We’re pleased to award $8,000 to four great projects that tackle everything from support for youth information literacy to a Civil Rights History Trail celebration, and from a play that explores public health and personal freedom to a series of local history topics.
The Wisconsin Humanities Council couldn’t fund these projects without support from the National Endowment for the Humanities. The NEH provides 90% of the funding that enables us to bring great programming, support and services to the state of Wisconsin. Project sponsors match grants in their community with an average of $3 for every $1 we award.
Congratulations to these four organizations! These projects tell meaningful stories about Wisconsin and bring communities together to explore important themes. We welcome you to be a part of the story and see these projects and events.
Inspiration starts here!
John Doar Civil Rights History Trail Celebration | $2,000 to City of New Richmond.
WHC awarded a mini grant to help John Doar’s hometown celebrate the late civil rights lawyer and Presidential Medal of Freedom recipient with programming at the dedication of a new history trail in downtown New Richmond. Exhibits, films, and community discussions of race and civil rights issues will highlight a month long celebration culminating with the ribbon cutting weekend. This project is part of our Focus on Race and Ethnicity.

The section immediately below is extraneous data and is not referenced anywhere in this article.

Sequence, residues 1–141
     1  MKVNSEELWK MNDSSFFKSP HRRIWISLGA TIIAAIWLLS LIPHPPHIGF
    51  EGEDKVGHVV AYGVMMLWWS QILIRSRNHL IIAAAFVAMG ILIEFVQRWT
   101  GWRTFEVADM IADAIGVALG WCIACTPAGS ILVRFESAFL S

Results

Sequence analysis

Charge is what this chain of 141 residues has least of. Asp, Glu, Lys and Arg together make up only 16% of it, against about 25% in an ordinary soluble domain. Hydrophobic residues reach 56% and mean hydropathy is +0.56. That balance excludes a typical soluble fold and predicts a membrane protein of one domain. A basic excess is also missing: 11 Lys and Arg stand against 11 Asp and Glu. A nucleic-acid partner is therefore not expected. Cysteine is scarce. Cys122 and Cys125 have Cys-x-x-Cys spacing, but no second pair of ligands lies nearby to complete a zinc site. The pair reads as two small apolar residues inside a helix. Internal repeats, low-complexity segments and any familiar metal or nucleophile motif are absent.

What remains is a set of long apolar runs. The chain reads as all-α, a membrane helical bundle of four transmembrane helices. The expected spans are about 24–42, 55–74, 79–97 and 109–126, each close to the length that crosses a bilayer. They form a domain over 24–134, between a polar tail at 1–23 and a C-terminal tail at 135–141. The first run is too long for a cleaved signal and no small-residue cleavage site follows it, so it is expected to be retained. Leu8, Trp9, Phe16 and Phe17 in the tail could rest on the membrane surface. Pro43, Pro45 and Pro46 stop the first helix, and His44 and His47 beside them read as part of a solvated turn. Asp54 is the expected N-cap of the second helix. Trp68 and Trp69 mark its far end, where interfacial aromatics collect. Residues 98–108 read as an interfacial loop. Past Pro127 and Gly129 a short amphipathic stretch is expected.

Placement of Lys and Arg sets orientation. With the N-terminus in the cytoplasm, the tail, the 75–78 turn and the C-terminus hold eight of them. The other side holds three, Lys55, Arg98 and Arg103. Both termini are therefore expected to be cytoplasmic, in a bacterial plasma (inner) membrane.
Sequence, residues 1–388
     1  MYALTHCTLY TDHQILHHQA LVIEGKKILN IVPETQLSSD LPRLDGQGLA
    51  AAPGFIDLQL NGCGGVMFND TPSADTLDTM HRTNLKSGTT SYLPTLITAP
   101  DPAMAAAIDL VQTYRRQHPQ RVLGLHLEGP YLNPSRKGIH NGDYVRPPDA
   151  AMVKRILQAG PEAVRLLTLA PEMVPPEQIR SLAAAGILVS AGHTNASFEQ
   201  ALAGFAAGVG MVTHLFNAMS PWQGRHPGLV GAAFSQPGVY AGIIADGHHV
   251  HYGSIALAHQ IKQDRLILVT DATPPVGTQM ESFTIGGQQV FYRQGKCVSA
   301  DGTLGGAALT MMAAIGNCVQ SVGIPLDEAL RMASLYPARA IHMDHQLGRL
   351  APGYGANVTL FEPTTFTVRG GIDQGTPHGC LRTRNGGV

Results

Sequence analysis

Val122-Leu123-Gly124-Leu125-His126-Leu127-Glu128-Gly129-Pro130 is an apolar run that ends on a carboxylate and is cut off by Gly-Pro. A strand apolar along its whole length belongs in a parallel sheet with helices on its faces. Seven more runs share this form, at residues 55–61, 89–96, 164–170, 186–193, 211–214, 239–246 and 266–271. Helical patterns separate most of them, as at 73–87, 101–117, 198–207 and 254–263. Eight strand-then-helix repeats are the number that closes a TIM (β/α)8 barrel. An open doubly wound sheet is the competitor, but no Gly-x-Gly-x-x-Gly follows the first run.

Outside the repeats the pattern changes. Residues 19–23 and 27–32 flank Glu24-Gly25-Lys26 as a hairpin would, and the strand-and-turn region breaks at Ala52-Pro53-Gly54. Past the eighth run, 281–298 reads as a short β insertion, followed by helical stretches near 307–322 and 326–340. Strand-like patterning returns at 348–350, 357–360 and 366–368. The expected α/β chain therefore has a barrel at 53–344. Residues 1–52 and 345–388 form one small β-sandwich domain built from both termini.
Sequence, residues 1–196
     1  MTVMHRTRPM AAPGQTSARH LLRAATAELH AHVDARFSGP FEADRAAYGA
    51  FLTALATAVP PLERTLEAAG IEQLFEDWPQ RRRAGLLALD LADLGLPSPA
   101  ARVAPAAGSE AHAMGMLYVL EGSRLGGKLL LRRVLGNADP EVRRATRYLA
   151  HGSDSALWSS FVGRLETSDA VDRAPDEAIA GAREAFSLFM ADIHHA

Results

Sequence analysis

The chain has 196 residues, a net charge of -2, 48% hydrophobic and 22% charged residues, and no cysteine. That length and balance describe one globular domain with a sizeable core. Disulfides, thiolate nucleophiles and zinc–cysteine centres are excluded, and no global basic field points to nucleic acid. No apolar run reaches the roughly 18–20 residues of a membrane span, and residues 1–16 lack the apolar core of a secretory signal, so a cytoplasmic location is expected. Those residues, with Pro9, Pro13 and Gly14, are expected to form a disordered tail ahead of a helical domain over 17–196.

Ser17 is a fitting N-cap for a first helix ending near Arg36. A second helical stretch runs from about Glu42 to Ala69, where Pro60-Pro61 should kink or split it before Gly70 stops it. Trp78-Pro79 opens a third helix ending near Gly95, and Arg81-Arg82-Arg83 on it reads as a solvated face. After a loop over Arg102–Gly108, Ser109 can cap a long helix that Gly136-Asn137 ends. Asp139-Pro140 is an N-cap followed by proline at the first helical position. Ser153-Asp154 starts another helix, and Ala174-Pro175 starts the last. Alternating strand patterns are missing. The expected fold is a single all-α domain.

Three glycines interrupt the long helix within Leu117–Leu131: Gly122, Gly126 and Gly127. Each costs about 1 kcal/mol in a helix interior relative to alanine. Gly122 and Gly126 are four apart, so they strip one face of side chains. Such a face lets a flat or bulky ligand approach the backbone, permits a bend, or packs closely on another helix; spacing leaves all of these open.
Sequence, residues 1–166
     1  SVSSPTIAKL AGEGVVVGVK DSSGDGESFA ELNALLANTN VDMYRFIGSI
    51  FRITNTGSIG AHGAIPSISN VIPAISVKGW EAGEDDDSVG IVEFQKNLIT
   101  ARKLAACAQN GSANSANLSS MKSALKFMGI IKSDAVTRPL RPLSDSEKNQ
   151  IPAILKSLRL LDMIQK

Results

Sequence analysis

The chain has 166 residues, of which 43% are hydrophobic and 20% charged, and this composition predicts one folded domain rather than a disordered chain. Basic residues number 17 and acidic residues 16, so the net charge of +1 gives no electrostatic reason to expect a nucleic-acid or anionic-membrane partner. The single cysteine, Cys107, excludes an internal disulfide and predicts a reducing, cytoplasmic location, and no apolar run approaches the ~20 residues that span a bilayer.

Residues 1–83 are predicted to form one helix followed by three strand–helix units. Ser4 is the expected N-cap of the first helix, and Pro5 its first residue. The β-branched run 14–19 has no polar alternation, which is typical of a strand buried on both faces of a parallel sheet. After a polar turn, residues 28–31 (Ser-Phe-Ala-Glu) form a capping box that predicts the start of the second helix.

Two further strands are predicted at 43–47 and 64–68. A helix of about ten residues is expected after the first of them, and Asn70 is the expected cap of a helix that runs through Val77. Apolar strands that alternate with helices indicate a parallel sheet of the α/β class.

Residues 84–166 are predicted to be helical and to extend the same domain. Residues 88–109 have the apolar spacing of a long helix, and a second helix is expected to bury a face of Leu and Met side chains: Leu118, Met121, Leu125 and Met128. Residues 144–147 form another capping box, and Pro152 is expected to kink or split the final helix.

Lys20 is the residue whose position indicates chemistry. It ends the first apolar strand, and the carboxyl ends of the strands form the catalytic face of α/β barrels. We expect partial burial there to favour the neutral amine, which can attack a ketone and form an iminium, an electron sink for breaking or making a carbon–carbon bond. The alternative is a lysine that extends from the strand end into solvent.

Typhoid Mary & Patient Zero: Public Health and Personal Freedom | $2,000 to TAPIT/new works, Inc. in Madison
WHC is pleased to support TAPIT/new works Inc. as it explores the intersection of public health and personal freedom, which juxtaposes true stories from the past with an imagined tale of our new future to explore how our attitudes about infectious diseases reveals our social values and thus our response to the disease. WHC funds will help support public programming associated with the project, including public discussions and workshops, some of which target healthcare workers.
We are happy to again support SCHRC’s series of historical presentations and discussions. The series runs every second Saturday morning of the month from September to May with topics ranging from the World War I Home Front, to the Mississippi River, from Wisconsin’s Supper Club tradition to stories about the land, and hiking the Ice Age Trail to the Charles Dickens.
Speech and Debate Professional Development Workshop | $2,000 to UW-La Crosse School of Education, Professional and Continuing Education and Wisconsin High School Forensics Association in La Crosse
In the current digital landscape, keeping up with information and media literacy can be a challenge, much less teaching it to youth. This project helps support middle and high school forensics and debate coaches in a train-the-trainer workshop designed to help teachers improve their skills in both the classroom and in support for their interscholastic forensics and debate teams. The workshop will provide teachers skills in teaching the review, synthesis and vetting of multiple source platforms; conducting interviews as a primary source; looking at ‘big picture’ historical backgrounds and contexts; and conveying the importance of topics. WHC funds will provide support for substitute teachers and travel to allow teacher attendance at the workshop.
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|Project Citizen teaches responsible participation in state and local government. The WHC has proudly supported the statewide effort with several grants. Read more about it here.|
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